I shall be ready to take my departure before my instructions can be made out. I have the honor to be, your most obedient servant.

J. H.

No. 2.

7b his excellency the governor general, &c. in answer to his letter of instructions, 53V. tsV. SIR, Montreal, Teb. 10, 1809.

I have the honor to acknowledge the receipt of your excellency's letter of instructions, the letter of credence, and the cypher for carrying on my correspondence. I have bestowed much pains upon the cypher, and am, notwithstanding this, deficient in some points, which might enable me to understand it clearly. I have compared the example with my own exemplification of the cypher; and find a difference in the results; and as the present moment seems favorable to the interference of his majesty's government, in the measures pursued by the federal party in the northern states, and more especially as the assembly of Massachusetts is now in session, I think it better to set forward immediately, than wait for any further explanation of the means of carrying on a secret correspondence, which the frequency of safe private conveyances to Canada will render almost wholly unnecessary. Should it, however, be necessary at any time, 1 take leave to suggest that the index alone furnishes a very safe and simple mode. In it, there is a number for every letter in the alphabet, and particular numbers for particular phrases; so that when I do not find in the index the particular word I want, I can spell it with the figures which stand opposite to the letters. For example, if I want to say that " troops are at Albany," I find under the hitter "T," that number 16 stands for " troops," and number 12s for "Albany." The intervening words " are at" I supply by figures corresponding with the letters in these words.

It will be necessary to provide against accident, by addressing

the letters to Mr. , of Montreal, with a small mark on the

Corner of the envelope, which he will understand. When he receives it, he will then address the inclosure to your excellency, and send it from Montreal by mail. I will be careful not to address your excellency in the body of the letter, nor sign my name to any of them. They will be merely designated by the initials A. B.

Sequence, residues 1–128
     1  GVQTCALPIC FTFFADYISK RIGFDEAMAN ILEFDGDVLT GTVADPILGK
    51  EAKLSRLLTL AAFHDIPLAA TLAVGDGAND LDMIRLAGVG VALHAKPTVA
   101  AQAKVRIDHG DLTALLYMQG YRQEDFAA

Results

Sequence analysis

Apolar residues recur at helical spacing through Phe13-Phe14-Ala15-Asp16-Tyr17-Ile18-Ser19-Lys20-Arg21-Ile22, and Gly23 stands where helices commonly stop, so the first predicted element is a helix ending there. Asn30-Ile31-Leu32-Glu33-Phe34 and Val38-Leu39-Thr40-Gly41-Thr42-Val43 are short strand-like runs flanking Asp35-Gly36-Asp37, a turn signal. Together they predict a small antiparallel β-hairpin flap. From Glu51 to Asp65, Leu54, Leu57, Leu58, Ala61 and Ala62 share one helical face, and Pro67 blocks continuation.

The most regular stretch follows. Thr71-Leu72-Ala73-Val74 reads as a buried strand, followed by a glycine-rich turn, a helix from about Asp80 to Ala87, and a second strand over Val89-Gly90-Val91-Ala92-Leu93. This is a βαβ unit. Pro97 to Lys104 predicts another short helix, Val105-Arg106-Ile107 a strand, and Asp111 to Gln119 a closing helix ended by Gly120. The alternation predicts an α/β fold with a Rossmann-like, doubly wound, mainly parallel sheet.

If this mode should in any respect appear exceptionable, your excellency will have the goodness to order a more particular explanation of the card. It would reach me in safety inclosed to

Boston. I have the honor to be, with profound respect, your excellency's most obedient servant, &c. J. H.

No. 3.

SIR, Burlington, Vermont, Feb. 14,1809.

1 have remained here two days, in order fully to ascertain the progress of the arrangements heretofore made, for organizing an efficient opposition to the general government, as well to become acquainted with the opinions of the leading people, relative to the measures of that party which has the ascendant in the national councils.

On the subject of the embargo laws, there seems to be but one opinion: namely, that they are unnecessary, oppressive and unconstitutional. It must also be observed, that the execution of them is so invidious, as to attract towards the officers of government, the enmity of the people; which is, of course, transferable to the government itself; so that, in case the state of Massachusetts should take any bold step towards resisting the execution of these laws, if is highly probable, that it may calculate upon the hearty co-opera» tion of the people of Vermont.

I learn that the governor of this state is now visiting the towns in the northern section of it; and makes no secret of his determination, as commander in chief of the militia, to refuse obedience to any command from the general government, which can tend to interrupt the good understanding that prevails between the citizens of Vermont and his majesty's subjects in Canada. It is further intimated, that in case of a war, he will use his influence to preserve this state neutral, and resist, with all the force he can command, any attempt to make it a party. I need not add, that, if these resolutions are carried into effect, the state of Vermont may be considered as an ally of Great Britain.

To what extent the sentiments which prevail in this quarter, exist in the neighbouring states, or even in the eastern section oi° this state, I am not able to conjecture. 1 only can say, with certainty, that the leading men of the federal party act in concert; and, therefore infer, that a common sentiment pervades the whole body, throughout New England.